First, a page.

Connecting police officers to our communities

Too often police are seen as something to be feared. We must communicate.

In a recent opinion piece “Are the lights out and is the music over for partying students?” John Hoff asked me, “If you were elected, how would you expect police to act toward students having parties?”

I would (and do) expect them to treat students with the same respect and professionalism due every other Minneapolis resident or visitor to our city.

Too often police are seen as something to be feared, disrespected and not trusted. It is time to turn that around.

Don’t get me wrong. There ought to be standards of behavior for everyone – students and police alike. Police, residents, students and University staff ought to know and understand that socializing and partying are long-standing and legitimate aspects of community life. At the same time there are basic and legal standards for behavior to which there is agreement. Underage drinking, excessive noise and, even potentially more serious, driving while intoxicated all violate certain standards and laws. When an individual or group acts contrary to those standards, there should be reasonable, agreed-upon consequences, administered in a fair, respectful way through our legal system.

At the same time we must have standards for police behavior. Use of excessive force, unlawful search and police brutality all violate such standards. Yet, too often, residents are unclear of what is appropriate police behavior and feel that they have had no role in crafting those standards or seeing that they are upheld. And even when there are clear violations, police officers are often not held accountable.

To help address this we need good recruitment and training of officers, a community-centered approach to policing and more effective civilian oversight, with real power to hold police officers accountable when they deviate from appropriate and legal behavior. I will fight for all of these in City Hall. Unlike my opponent, I am not endorsed by the Police Federation of Minneapolis. I will be a strong, independent voice for students and all the residents of the 2nd Ward.

In general the police department in Minneapolis is too often disconnected from the communities it is supposed to serve. I will push for more responsive, community-centered policing, in which residents can direct the police force to where we see the greatest crime problems. I will push for more community crime prevention specialists and community organizers to help work with students to target police resources where they will be the most effective. This is particularly important in the University area ,where the most frequent victims of crime are 18- to 22-year-olds.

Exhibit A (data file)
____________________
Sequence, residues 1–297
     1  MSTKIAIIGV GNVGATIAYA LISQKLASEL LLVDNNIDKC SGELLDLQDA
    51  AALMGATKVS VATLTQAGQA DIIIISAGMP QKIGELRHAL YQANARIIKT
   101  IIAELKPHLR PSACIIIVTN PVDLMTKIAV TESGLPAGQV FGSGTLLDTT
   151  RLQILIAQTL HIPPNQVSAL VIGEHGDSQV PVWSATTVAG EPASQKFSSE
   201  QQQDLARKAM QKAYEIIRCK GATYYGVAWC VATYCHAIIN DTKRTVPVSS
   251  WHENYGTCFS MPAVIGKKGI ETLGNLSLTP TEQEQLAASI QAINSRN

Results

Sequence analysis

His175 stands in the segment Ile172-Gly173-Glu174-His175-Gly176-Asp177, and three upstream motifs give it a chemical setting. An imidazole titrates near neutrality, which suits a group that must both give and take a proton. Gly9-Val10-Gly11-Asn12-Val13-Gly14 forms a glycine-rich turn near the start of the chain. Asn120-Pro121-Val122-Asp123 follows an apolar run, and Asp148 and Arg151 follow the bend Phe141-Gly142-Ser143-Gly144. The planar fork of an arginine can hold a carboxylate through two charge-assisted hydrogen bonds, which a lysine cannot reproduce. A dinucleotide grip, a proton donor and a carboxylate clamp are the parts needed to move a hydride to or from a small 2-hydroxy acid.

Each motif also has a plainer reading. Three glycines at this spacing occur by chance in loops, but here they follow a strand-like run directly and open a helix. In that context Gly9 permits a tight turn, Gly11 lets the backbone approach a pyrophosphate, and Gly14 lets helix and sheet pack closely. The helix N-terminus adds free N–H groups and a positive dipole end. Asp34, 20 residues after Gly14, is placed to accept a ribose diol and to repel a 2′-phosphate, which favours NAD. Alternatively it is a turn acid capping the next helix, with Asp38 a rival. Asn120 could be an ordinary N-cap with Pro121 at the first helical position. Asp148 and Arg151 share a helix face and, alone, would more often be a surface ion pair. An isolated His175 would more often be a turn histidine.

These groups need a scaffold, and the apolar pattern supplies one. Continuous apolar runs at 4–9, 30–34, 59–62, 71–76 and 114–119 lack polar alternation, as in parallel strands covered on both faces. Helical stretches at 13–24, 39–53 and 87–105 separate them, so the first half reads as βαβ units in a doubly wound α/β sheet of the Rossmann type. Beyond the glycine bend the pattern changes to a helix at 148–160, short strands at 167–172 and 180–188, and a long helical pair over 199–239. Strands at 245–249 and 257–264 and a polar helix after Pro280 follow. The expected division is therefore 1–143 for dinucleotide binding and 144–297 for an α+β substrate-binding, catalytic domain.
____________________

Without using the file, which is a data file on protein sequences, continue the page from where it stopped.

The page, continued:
One of the more helpful things we can do now is get police, students, other residents, business owners and public officials talking and working together to address crime, safety and liability concerns. Let’s admit it: Lack of trust and lack of respect can go both ways. To get anywhere we need to have all the stakeholders sitting at the table as equal partners in an atmosphere of mutual respect.

There should definitely be a forum for students to communicate the problems they see (like bike theft) to the police department and give their ideas for solving the problem (like a theft sting). And the police – and city, and the Ward 2 City Council member – should listen and direct their efforts accordingly. (And let’s get the public works department to the table too, to explore just what we can do about those parking meters.)

For students who wonder about their legal rights, risks and expectations about house parties, the University Student Legal Service provides some sound advice. You might want to check it out: (612) 624-1001 or

Cam Gordon is the Green Party candidate for Ward 2 in Minneapolis. Please send comments to [email protected].